43. 43. www.granlund.fiCopyright Granlund | 43January 2010 Comparison to targets Classification of spaces •  Medical,… •  Special requirements, inspections Contract areas •  Tenants, maintenance, cleaning,… IT services in spaces •  LAN free/used connections, PC’s BIM in technical facilities management Service requests •  Locating spaces for need of service Workplaces •  Personnel data, telephone catalogue Measured comfort •  Temperatures in reference spaces Access •  Permissions to different areas •  Maintenance personnel routes Technical services in spaces •  Available electrical, telecom services Design targets of spaces •  Comfort, thermal loads Building information model (BIM) for FM • Building geometry / floor plans, spatial data • Technical FM database Archiving of Native models (MagiCAD,…) Graphical user-interface of RYHTI FM As-built data/ Renovations Information management of integrated design Building information model (BIM) for design Data publishing for FM Maintenance •  Locating equipment and zones. •  Group replacement of lamps Long Term Planning, Maintenance planning, Energy management etc
  44. 44. www.granlund.fiCopyright Granlund | 44January 2010 RYHTI Executive Management reporting Operational tasks Processes / Contracts Maintenance Management LTP Repairs & Replacements Energy Management Service Request Management Strategic approach Management objectives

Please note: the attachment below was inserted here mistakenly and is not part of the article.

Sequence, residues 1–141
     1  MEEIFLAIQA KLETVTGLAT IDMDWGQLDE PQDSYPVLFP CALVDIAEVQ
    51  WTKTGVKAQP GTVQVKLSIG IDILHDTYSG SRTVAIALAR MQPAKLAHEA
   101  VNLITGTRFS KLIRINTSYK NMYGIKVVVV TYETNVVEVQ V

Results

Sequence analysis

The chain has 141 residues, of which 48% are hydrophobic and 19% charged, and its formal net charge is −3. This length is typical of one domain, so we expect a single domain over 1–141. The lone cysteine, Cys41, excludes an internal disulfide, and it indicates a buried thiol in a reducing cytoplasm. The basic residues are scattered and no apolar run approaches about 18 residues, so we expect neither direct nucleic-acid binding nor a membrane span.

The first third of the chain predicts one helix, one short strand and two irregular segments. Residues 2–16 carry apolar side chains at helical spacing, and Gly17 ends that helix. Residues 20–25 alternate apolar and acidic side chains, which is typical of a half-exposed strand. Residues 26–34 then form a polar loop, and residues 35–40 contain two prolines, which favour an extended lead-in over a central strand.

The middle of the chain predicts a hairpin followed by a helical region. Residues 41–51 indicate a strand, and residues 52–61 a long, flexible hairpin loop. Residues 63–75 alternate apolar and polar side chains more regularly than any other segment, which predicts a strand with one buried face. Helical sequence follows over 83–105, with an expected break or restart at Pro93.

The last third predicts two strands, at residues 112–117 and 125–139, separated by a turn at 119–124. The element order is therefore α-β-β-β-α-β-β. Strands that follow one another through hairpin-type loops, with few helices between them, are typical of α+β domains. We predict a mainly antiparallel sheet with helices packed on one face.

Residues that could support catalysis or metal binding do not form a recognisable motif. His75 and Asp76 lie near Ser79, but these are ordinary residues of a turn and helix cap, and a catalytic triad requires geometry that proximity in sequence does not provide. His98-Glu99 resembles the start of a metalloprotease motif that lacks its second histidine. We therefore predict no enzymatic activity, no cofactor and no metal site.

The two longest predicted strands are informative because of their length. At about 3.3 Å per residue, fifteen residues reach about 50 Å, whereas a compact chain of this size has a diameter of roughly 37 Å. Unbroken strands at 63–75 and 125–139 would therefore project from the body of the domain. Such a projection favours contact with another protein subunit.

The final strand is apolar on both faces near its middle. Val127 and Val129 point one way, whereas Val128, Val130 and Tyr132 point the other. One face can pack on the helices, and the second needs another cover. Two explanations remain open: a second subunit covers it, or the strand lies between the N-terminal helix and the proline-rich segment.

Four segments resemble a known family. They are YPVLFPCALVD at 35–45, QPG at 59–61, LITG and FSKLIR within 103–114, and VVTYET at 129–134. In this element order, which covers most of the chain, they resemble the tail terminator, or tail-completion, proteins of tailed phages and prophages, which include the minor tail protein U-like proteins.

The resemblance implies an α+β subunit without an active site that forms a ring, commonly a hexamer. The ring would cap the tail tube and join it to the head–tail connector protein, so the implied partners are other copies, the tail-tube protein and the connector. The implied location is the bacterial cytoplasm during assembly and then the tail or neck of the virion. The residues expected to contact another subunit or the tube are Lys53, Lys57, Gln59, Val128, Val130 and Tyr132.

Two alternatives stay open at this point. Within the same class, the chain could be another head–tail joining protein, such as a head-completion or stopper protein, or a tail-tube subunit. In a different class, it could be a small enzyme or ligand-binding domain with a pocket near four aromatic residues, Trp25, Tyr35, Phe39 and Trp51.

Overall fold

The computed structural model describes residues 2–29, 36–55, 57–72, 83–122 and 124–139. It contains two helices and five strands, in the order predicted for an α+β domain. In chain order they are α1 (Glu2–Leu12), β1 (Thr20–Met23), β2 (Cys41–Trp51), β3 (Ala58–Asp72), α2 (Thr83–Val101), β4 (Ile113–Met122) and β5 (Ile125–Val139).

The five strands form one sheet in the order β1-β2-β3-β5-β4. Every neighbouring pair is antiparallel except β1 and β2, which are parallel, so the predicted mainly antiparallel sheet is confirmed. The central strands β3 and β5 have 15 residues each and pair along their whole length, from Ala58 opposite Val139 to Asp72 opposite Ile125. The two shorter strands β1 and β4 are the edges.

45. 45. Arto Kiviniemi - Professorial lecture 10/11/2010 Public statement by government clients of the AEC/FM sector Statement  of  IntenNon  to  Support  Building  InformaNon   Modeling  with  Open  Standards:     ”We  will  support,  to  the  extent  legally  and  pracNcally  possible,  the  use  of   IFC-­‐related  BIM  soluNons  in  public  construcNon  works”     ”Our  intent  is  for  all  major  projects  to  use  open  BIMs  based  on  IFCs  on  a   regular  basis  but  no  later  than  within  a  two-­‐  to  four-­‐year  (i.e.,  2009-­‐2011)   Nmeframe”     ”We  also  intend  to  observe  and  assess  the  conNnuing  development  of   relevant  accompanying  open  BIM-­‐related  standards  like  IFD,  IDM  and  MVD   approach  to  describe  and  display  the  informaNon  required  for  the  design,   construcNon,  and  operaNon  of  constructed  faciliNes  and  the  interfacing  of   GIS-­‐related  open  standards”   Public statement by - U.S. General Services Administration (GSA), USA - Danish Enterprise and Construction Authority (DECA), Denmark" "- Senate Properties, Finland" "- Directorate of Public Construction and Property (Statsbygg), Norway